Up to this point in our Zoho review, we have seen that small businesses with limited budgets that are looking to streamline their customer relationship management and sales process might gain considerable value by integrating Zoho’s free CRM into their organization. We have also seen that businesses that are thinking bigger, or more long term with respect to future growth might want to opt for Salesforce right out of the gate.

The same CRM buyer’s guide that crowned Zoho the best free CRM, also crowned Salesforce that best overall CRM for small business and here’s a few reasons why:

The CRM Industry Standard: Salesforce simply has the reputation for providing the best platform for improving customer relationships. Yes, it can cost more. However, Salesforce is known for setting the standard when it comes to ease of use, customizability, and innovation in the CRM space.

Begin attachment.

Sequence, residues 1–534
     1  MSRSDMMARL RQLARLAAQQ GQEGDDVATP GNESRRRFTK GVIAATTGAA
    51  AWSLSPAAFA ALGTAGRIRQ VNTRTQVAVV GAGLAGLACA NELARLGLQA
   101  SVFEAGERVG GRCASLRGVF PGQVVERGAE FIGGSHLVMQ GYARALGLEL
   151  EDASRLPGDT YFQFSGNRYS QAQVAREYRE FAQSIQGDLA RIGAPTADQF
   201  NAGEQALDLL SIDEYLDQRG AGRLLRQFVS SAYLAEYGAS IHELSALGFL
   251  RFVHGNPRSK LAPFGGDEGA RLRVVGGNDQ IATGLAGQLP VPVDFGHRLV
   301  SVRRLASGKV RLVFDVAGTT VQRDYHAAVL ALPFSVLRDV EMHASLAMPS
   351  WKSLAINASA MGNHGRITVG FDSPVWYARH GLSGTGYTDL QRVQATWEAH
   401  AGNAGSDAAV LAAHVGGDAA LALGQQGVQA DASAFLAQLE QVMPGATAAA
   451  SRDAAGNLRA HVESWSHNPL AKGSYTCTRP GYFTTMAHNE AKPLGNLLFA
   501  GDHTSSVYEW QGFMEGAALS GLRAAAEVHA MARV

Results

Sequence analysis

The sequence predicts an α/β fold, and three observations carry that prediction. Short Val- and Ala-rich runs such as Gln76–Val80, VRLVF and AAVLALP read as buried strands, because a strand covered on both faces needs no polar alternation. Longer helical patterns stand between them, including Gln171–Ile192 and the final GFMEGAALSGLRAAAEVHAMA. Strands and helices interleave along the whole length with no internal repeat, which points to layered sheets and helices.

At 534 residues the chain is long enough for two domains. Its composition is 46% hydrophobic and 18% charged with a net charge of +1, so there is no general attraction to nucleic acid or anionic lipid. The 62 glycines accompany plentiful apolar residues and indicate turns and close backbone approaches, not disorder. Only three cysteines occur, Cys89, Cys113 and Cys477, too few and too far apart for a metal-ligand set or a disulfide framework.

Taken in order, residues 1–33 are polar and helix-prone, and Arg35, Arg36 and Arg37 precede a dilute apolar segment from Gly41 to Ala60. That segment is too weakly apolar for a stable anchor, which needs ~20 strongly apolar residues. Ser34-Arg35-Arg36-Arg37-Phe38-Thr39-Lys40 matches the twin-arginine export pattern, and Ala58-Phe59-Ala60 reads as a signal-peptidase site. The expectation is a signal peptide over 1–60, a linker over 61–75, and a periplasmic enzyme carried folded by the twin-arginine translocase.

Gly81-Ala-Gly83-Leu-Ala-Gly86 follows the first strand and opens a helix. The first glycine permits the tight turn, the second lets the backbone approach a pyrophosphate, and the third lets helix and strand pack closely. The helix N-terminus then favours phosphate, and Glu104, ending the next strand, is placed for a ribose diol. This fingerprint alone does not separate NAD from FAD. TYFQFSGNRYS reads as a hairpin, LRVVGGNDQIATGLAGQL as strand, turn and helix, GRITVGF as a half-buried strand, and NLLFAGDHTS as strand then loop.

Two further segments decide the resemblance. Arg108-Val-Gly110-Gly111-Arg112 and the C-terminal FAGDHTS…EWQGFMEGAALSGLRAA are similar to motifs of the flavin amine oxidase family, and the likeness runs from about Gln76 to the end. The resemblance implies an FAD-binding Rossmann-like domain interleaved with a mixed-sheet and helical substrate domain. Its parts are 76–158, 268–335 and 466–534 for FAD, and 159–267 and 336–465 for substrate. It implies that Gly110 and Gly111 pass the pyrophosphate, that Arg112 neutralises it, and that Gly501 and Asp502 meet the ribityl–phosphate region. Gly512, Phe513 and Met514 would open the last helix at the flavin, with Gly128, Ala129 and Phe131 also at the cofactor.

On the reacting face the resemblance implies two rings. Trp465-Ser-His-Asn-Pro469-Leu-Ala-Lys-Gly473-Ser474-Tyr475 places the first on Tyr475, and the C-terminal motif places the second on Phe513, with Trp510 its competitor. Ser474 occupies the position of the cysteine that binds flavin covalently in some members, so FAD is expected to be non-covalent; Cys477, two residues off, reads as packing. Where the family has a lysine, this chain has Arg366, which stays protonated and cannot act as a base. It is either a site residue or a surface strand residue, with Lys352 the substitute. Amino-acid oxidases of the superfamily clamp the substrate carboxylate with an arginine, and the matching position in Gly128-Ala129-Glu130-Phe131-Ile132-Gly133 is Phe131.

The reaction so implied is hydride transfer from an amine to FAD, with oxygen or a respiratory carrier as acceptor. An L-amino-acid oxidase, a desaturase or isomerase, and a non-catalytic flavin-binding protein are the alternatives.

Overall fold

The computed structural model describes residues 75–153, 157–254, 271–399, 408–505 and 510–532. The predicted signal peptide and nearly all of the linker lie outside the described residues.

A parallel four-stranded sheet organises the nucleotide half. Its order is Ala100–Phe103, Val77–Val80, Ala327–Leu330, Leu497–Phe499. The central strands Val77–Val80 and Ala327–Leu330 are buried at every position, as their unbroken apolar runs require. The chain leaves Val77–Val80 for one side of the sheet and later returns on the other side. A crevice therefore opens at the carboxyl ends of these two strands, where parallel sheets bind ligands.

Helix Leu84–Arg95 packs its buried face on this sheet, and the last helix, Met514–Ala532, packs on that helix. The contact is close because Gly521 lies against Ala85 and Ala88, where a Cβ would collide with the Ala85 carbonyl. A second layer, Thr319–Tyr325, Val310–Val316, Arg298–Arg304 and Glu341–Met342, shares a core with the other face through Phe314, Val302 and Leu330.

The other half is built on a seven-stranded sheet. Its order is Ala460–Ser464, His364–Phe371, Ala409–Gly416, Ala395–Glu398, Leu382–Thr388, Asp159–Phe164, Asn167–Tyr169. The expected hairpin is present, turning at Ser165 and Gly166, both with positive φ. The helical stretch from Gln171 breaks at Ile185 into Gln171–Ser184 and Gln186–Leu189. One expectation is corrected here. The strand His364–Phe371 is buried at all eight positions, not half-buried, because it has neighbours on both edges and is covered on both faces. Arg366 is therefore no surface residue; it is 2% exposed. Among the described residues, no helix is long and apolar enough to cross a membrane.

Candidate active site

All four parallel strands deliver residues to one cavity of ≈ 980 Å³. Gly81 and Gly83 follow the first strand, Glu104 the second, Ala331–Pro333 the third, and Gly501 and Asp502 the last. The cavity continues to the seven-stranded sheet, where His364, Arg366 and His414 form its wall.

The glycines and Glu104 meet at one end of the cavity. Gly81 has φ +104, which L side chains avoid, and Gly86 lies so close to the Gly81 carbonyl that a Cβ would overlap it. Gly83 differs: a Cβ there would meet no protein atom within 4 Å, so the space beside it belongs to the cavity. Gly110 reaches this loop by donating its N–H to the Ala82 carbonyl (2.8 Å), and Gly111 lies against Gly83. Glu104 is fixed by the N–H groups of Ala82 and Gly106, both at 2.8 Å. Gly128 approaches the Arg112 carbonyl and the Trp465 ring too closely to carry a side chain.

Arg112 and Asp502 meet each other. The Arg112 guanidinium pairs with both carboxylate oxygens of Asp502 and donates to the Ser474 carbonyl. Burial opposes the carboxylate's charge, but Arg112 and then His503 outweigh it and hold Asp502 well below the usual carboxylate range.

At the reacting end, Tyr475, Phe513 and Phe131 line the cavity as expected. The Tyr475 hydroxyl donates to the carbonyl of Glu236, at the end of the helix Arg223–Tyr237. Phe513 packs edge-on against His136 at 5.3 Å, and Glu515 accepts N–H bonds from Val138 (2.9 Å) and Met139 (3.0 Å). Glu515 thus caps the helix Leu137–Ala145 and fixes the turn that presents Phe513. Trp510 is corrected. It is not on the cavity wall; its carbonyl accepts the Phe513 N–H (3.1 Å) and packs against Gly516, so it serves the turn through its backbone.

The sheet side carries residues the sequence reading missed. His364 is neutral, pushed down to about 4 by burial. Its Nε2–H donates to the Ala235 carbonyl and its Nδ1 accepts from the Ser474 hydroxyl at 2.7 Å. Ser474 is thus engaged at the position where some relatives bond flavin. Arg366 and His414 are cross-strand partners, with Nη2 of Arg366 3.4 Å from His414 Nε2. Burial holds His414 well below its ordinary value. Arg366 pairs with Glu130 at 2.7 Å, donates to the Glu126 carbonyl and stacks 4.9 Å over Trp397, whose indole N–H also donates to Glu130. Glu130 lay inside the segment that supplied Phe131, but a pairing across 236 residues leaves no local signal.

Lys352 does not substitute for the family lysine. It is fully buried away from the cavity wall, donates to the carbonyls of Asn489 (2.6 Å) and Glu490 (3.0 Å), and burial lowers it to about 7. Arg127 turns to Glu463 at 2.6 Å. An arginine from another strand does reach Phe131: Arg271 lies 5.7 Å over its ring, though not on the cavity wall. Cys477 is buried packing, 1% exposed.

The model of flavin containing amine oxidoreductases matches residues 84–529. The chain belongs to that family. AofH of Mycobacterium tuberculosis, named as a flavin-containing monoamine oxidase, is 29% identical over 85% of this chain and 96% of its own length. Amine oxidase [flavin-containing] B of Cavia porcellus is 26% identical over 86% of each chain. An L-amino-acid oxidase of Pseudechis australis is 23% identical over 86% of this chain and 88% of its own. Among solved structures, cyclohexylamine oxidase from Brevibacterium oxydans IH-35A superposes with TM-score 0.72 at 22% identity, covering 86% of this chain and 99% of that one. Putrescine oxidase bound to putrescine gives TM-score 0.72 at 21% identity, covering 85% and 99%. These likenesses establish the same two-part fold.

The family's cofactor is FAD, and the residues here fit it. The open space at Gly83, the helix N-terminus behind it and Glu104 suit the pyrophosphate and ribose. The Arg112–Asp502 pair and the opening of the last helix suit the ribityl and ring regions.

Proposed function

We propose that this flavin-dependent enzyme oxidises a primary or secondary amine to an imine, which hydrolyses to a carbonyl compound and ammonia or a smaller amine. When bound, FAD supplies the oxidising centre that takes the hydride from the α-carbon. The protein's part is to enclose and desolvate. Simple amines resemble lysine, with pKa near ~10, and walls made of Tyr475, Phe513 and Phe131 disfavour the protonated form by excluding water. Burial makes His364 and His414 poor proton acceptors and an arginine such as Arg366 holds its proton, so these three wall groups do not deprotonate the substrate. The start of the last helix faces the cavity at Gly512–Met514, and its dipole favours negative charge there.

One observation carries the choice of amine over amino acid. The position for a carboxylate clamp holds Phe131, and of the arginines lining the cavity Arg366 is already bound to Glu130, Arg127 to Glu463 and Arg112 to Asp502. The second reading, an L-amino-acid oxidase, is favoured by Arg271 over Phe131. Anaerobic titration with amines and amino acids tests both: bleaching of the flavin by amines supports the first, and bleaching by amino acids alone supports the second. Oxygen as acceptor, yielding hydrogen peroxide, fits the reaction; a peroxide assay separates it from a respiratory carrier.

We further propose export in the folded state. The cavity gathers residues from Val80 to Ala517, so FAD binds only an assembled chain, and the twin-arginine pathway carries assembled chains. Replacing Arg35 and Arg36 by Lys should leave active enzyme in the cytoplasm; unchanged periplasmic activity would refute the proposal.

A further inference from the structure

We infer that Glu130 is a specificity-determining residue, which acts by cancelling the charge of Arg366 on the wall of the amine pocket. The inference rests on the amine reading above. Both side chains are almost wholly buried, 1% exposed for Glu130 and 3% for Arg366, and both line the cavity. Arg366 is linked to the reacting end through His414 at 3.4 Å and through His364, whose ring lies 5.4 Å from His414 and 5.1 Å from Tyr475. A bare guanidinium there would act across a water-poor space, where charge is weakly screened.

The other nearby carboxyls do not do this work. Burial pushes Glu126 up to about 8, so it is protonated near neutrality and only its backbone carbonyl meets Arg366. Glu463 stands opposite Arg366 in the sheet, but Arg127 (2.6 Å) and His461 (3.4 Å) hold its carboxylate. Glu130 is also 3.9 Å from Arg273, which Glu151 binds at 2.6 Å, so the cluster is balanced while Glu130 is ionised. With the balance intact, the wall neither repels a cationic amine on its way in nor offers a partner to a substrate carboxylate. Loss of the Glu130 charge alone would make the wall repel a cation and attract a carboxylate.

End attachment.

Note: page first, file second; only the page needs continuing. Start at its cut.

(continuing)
Customize to Business Needs: Salesforce offers access to the AppExchange, which allows users to easily customize their CRMwith thousands of applications built on, and for, the Salesforce platform. In fact, 91% of companies using Salesforce have at least one AppExchange app installed.

No Growing Pains: Perhaps most important of all, Salesforce really shines at being scalable. Many businesses turn to Salesforce right from the startup phase and then implement more and more of its advanced features as the business grows. This allows not only for an attractive ROI from the start, but also one that expands along with the organization.

With Salesforce, there’s a reason why it’s the #1 CRM. Unlike Zoho, it isn’t out only to save money, the platform is designed to make their customers money -- and that’s a huge differentiator between the two products. After all, in the world of business software, free may be good, but profitable is even better.